Naturally, I filled in my free time with a job as a preschool teacher and went back to work on my BS later that year.  And since then I’ve always done something to contribute to our income whether it was working at my sons’ preschool, writing, doing a short stint as a hotel receptionist and I’ve been in school full time for years.  But, unless they were in preschool, it’s always been me or my husband with the children.  And I’ve been fortunate.  I never forget how blessed I am in this regard.

But, now I’m at a stage in my education and career where I must be away from home.  Over 20 hours per week (nearly half of them commute time!) I’ll be away from my babies.  And they aren’t babies anymore, but it’s still hard.  It’s such a transistion.  An exciting and yet sad transistion.  They will be fine without me, of course.  They don’t nurse or need me to fall asleep.  They can fix their own snacks and get their own water.  But I’ll miss them.  And eventually my work hours will increase.  While my husband can be here in my absence for now, eventually we’ll need a nanny to fill in during the time we’re both at work.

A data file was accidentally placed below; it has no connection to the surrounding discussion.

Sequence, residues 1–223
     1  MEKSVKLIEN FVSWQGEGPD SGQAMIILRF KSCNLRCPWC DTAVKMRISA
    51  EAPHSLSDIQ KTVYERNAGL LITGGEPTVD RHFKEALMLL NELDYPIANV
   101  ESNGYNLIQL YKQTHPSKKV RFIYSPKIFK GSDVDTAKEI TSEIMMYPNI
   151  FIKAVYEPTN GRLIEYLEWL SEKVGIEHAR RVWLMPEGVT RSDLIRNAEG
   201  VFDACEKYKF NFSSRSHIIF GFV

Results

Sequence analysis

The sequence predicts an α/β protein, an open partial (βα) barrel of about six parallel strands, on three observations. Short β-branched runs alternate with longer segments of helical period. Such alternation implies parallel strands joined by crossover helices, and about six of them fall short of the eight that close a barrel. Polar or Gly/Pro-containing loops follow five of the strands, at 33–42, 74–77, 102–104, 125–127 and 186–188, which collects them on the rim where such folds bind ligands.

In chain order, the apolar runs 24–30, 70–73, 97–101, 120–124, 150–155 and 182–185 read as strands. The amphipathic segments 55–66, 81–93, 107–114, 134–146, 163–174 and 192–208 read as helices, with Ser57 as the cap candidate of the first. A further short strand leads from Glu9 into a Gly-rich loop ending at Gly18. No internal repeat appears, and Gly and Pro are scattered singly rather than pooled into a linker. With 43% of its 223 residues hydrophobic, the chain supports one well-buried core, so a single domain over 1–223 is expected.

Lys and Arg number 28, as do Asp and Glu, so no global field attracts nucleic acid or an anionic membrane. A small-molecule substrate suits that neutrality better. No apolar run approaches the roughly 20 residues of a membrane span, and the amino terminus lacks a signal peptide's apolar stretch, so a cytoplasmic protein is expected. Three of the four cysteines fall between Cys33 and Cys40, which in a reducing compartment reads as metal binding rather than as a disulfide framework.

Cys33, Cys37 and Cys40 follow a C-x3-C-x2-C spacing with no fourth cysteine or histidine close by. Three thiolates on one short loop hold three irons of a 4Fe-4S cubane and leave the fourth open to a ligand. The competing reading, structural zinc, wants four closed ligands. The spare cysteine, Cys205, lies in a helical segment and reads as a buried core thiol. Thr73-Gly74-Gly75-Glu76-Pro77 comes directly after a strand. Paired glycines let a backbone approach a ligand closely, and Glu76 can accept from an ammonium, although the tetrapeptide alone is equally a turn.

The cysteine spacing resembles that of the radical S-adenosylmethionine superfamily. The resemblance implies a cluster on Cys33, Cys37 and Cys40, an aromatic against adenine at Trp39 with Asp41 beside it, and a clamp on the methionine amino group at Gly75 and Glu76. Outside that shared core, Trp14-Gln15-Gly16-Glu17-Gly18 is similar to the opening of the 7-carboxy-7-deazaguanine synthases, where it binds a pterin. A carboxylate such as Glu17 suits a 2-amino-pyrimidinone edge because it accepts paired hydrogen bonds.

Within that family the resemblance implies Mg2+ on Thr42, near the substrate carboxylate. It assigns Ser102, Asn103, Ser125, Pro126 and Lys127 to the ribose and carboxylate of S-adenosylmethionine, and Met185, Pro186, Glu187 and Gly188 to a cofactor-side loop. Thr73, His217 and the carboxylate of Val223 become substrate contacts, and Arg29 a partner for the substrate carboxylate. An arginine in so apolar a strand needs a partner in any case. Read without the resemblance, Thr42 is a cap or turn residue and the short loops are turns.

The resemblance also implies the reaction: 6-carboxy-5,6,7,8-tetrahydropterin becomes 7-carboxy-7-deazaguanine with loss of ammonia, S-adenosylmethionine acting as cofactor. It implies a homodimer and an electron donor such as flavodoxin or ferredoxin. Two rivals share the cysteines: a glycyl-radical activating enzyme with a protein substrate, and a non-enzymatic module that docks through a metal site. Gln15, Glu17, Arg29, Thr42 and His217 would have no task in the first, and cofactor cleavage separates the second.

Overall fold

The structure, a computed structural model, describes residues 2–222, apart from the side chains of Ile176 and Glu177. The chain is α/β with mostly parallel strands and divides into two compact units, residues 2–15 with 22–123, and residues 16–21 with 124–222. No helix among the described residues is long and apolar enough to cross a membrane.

While some days as a stay at home mom were long and monotonous I will never forget how blessed I was to get to be with my children from waking to sleeping for these 9 years.  I wish it was possible for all mothers who desire this lifestyle to have it.

The Day My Hiding Places Were Discovered